It’s the same whether your selling your product or setting (selling) the appointment. You want to look for the fish that are biting. If you saw the movie, “The Perfect Storm,” you’ll remember that the fisherman on the Andrea Gale weren’t having much luck. Their captain decides they should head someplace else. Why? Because he knew that it was foolish to fish where the fish weren’t biting and it was far smarter to fish where they were biting. (of course it’s a good idea to avoid being in the middle of three storms colliding while you’re fishing but that’s another story) It sounds so simple but take a look at the prospects in your current pipeline. How long have you been “chasing” them? What’s your typical sales cycle? How far past your typical sales cycle are you? (the likelihood of closing a deal decreases dramatically the further you exceed your typical sales cycle) Are they returning your phone calls? Are they stalling you? (“Call me next week, month, quarter, century) If you’re chasing the fish that aren’t biting and devoting the same amount of time and attention to them as the fish that are biting (returning your calls, setting next action steps with you) you’re not investing your valuable time wisely.

Not closing enough business? Perhaps you’re spending too much time working with fish that aren’t biting. Try another vertical. See if previous clients are ready to buy again. (previous or existing clients are generally far easier to see than someone who hasn’t done business with you before) Fill your pipeline with new prospects while keeping your eyes and ears attuned to the signals that mean “No” and be sure to fish where the fish are biting!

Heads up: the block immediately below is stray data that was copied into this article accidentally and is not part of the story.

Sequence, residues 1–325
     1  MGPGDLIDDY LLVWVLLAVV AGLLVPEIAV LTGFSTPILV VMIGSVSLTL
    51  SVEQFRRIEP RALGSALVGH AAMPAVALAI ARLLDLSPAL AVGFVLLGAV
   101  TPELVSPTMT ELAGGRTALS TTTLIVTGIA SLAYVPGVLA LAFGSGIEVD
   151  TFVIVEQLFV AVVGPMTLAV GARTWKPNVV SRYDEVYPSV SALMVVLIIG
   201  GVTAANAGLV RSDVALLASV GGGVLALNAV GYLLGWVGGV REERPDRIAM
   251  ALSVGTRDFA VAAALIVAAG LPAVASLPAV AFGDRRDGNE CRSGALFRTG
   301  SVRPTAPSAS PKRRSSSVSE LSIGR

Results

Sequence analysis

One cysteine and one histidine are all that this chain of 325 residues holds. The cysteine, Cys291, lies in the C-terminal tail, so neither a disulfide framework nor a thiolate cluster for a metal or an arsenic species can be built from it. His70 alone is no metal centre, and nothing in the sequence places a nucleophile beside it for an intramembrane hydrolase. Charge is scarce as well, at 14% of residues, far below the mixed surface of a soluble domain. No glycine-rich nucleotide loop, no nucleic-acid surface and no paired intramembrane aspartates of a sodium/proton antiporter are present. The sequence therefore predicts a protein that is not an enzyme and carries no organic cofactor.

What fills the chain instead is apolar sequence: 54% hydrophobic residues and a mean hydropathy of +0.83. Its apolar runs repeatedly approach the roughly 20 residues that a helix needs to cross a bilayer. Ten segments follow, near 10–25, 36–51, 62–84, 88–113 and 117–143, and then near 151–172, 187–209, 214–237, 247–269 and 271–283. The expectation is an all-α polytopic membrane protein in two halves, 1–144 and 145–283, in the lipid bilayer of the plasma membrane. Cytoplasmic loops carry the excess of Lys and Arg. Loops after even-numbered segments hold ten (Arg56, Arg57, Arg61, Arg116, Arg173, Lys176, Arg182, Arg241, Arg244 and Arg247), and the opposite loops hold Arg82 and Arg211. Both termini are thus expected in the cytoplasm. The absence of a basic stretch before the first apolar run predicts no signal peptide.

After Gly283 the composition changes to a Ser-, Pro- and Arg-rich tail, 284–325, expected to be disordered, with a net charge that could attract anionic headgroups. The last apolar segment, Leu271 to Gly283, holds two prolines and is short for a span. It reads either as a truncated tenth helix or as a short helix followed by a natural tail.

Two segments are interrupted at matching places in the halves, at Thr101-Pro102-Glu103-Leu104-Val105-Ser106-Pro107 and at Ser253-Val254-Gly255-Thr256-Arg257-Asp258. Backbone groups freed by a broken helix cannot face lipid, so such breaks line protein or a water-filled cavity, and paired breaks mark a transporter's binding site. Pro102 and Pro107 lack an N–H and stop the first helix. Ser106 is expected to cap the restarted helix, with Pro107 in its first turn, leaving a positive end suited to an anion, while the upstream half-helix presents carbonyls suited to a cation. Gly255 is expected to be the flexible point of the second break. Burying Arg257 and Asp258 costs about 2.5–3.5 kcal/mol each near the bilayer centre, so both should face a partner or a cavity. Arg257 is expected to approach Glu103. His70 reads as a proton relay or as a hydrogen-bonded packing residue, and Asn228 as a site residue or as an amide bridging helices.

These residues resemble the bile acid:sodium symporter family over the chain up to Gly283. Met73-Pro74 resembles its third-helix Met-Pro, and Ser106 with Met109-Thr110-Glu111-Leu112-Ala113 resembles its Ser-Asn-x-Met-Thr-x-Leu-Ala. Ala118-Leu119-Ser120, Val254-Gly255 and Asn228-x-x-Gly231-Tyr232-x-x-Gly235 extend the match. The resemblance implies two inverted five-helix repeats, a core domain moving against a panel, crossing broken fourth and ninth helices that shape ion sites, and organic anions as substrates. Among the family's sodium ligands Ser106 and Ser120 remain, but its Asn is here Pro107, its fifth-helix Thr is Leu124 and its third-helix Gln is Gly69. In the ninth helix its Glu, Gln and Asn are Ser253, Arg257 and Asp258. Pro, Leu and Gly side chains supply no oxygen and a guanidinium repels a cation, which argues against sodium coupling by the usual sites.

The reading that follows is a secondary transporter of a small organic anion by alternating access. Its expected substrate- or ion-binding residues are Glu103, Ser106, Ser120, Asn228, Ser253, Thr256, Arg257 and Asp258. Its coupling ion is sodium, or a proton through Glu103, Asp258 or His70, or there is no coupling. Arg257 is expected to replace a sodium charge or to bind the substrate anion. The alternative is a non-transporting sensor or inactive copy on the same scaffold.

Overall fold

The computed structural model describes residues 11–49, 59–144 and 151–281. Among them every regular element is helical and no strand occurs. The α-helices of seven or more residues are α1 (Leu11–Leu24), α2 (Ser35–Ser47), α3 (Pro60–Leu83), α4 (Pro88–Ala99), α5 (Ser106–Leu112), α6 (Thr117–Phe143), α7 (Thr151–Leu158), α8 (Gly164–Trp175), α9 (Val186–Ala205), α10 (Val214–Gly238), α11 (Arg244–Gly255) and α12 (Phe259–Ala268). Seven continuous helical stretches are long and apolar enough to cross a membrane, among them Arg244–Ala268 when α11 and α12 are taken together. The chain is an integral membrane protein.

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Can’t We Just Lower Our Price???

As a trainer I often have salespeople approach me with the following statement:

“Jeff, if the company would just lower our prices I know I would sell more.” Really? Ya think? This is a perfect example of what Zig Ziglar calls “Stinkin’ Thinkin’.” Allow me to explain why.

The company you work for charges money for the product or service you sell. Unless you work for thieves (and I know a few of you might) the price you are required to charge your customer has been thought about, discussed and analyzed. Your company made a decision to charge whatever you charge based on many things including what it costs the company to produce the product or service as well as how much they have to pay you (and all other employees) and how much profit the company needs to make.